On Wednesday, PayPal sued the CFPB in federal district court in the District of Columbia claiming the Bureau's Prepaid Account Rule ("Rule") is arbitrary and capricious and was issued in violation of the Administrative Procedures Act. The complaint also asserts that the Rule violates PayPal's First Amendment rights by forcing it to deliver irrelevant and misleading information to consumers.
As our readers may know, the Rule has a very broad definition of "prepaid," which sweeps in accounts that offer person-to-person payment capabilities like digital wallets from PayPal and Venmo. PayPal asserts that the Rule was written for general purpose reloadable ("GPR") cards and that the Bureau did not properly evaluate how the Rule would impact digital wallets. The payments company contends that the Rule's mandatory disclosure requirements make little sense when applied to digital wallets, are confusing and misleading and ultimately harm consumers:
The resulting regulatory regime is fundamentally ill-suited to PayPal digital wallets and is likely to mislead or confuse consumers. The Rule mandates PayPal make disclosures concerning fees that PayPal does not charge and misrepresent the actual fees paid by most customers. These mandatory disclosures undermine PayPal's own clear disclosures provided when consumers use their PayPal accounts. For example, the Rule mandates that customers be given—and actually view—"short form" fee disclosures. The requirements for this short form disclosure are extremely prescriptive and rigid. Certain fee categories must be placed in specified positions and presented in certain font sizes, largely because the CFPB deemed these categories most significant for GPR-card customers—and regardless of their relevance to PayPal's products. The Rule further prohibits PayPal from including explanatory phrases within the disclosure box to describe the nature of these fee categories. Additionally, for each required fee category, the Rule states that the highest possible fee under the worst-case scenario must be disclosed, even if the fee would rarely be incurred by the typical consumer (and would never be incurred without further customer authorization). In other words, the Rule's mandated short form disclosure regime forces PayPal to make disclosures that confuse consumers as to the products' actual costs yet bars PayPal from providing the very information that would assist consumers in making an informed decision.
To bolster its argument that the mandatory disclosures are confusing, PayPal includes a number of questions and comments from its customers who were perplexed and upset when they received the Bureau's required disclosures.
PayPal also complains that the Rule requires a consumer to wait 30 days after opening a prepaid account to link a credit card to it. PayPal argues that, while this might be an appropriate restriction for prepaid cards, it makes no sense for digital wallets—products whose whole purpose is to hold such payment credentials.
In addition, PayPal criticizes the Rule because the Bureau's consumer testing and cost-benefit analysis were focused almost exclusively on prepaid cards and do not consider the impact of the Rule on digital wallets. The term "digital wallet" never appears in the report on consumer focus groups. And while all of the consumer participants acknowledged using a prepaid card in the prior year, there is no evidence that the participants were familiar with or had ever used a digital wallet.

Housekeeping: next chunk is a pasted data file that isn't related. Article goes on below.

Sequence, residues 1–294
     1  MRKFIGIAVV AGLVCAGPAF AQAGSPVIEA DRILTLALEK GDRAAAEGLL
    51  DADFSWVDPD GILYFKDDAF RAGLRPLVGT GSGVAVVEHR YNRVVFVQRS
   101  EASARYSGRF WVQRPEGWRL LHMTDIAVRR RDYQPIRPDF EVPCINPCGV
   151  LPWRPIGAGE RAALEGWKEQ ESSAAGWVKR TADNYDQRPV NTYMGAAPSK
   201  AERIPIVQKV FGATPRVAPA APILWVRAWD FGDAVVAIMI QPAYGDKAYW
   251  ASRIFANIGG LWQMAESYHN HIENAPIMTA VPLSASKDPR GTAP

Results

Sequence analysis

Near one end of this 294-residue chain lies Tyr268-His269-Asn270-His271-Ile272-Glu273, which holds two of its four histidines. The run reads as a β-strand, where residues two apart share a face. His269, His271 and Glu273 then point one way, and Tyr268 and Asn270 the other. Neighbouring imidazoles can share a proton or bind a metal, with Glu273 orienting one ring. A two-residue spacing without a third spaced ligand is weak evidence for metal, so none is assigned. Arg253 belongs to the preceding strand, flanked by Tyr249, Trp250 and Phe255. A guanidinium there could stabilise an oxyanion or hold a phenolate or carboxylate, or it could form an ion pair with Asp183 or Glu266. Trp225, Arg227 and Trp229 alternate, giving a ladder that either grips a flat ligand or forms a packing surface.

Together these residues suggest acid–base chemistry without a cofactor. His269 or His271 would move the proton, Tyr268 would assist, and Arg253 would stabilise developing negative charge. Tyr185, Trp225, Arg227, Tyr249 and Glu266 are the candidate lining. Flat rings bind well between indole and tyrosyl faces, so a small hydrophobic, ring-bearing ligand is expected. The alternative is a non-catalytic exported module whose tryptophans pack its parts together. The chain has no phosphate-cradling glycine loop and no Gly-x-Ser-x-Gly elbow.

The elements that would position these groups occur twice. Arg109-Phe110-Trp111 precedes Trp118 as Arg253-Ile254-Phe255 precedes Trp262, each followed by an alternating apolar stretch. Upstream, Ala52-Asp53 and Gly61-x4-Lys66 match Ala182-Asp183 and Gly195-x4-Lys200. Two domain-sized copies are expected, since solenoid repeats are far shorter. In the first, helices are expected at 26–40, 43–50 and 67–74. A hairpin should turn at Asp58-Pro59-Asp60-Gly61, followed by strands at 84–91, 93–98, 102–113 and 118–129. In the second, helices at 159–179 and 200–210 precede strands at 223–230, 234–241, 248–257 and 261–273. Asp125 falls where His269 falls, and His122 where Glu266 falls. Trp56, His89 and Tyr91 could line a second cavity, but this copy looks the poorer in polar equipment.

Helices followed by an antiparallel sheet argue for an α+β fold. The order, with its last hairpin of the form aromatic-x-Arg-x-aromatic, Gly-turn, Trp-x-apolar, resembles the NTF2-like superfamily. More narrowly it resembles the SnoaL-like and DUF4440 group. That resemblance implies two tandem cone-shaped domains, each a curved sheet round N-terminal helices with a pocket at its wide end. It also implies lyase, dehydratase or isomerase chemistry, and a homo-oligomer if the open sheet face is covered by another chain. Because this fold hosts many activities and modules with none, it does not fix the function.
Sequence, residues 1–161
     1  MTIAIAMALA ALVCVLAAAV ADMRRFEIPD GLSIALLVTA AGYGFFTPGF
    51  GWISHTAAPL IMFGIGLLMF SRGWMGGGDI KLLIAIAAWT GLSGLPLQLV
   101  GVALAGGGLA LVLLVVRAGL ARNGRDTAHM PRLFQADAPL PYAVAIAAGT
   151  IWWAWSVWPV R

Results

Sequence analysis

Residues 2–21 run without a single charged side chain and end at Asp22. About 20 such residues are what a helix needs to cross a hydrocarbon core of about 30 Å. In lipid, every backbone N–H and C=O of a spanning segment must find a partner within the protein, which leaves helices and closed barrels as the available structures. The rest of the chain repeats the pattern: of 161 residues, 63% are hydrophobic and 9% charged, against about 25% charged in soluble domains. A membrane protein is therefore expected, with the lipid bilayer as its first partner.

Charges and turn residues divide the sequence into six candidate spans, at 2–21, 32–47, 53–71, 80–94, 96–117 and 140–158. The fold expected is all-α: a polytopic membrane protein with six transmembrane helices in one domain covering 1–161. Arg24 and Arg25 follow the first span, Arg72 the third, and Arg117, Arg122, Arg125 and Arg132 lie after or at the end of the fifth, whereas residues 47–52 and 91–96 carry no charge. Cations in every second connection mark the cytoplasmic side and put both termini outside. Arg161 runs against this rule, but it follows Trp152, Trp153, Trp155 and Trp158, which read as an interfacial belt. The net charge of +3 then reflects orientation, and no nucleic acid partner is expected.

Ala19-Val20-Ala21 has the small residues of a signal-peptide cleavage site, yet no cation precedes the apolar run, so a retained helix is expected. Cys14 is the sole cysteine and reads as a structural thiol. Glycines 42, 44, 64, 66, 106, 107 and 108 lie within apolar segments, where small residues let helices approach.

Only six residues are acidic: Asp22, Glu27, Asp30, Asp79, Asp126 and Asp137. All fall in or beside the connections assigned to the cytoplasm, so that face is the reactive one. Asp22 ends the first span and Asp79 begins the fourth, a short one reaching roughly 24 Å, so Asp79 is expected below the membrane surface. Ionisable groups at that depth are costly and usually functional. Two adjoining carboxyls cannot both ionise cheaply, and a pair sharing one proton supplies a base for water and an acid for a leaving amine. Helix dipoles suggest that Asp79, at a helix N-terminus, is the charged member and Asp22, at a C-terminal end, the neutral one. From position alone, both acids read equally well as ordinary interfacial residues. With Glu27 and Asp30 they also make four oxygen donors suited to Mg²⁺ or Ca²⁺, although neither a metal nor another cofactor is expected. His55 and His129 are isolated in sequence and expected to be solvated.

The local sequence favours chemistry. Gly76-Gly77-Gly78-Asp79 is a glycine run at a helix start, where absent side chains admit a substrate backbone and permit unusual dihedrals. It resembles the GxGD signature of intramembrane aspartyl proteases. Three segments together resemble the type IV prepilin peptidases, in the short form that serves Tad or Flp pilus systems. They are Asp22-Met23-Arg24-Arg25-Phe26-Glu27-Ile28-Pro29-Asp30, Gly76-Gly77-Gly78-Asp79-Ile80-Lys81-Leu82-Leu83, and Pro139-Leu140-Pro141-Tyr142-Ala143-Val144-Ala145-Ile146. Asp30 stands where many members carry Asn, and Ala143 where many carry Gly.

PayPal says CFPB violated the Administrative Procedure Act because the Rule exceeds the Bureau's statutory authority under the Electronic Funds Transfer Act (with regard to mandatory disclosures) and the Truth in Lending Act (with regard to linking to credit cards) and that the Rule is arbitrary and capricious because it ignores the unique characteristics of digital wallets that distinguish them from GPR cards and fails to properly consider the costs of applying the Rule to digital wallet products.
In what may be the most interesting part of the complaint, PayPal asserts that the Rule requires it to make statements to its customers that are largely irrelevant and misleading in violation of the company's First Amendment rights:
The Prepaid Rule violates the First Amendment because it requires PayPal to make a series of largely misleading and inapplicable disclosures to its customers that it would not otherwise make and that drown out the speech in which PayPal would prefer to engage. The disclosures are misleading because the Rule requires use of exact or substantially similar terms in the short form to describe certain fee categories that were designed to address the fee structure for GPR cards rather than digital wallets and because clarifying statements about the nature of the fees are not permitted within the short form. The disclosures are also misleading because the Rule requires mention of only the highest possible fee amounts under the worst-case scenario without permitting a description about how or when the fees can be lower.
Courts typically provide a lower level of protection to commercial speech than they do to other constitutionally protected expression. If the commercial speech concerns lawful activity and is not misleading, however, the government's interest must be "substantial," and the regulation may not be more extensive than necessary to serve that interest. Recently courts have shown an increased appetite to strike down laws regulating commercial speech where the government fails to meet its burden. We have seen this in the context of federal courts striking down certain state bans on credit card surcharging, where the law regulates the speech by which the surcharge is communicated. PayPal's challenge to CFPB's Prepaid Rule has the potential to create new law with regard to the limits on government-mandated consumer disclosures.
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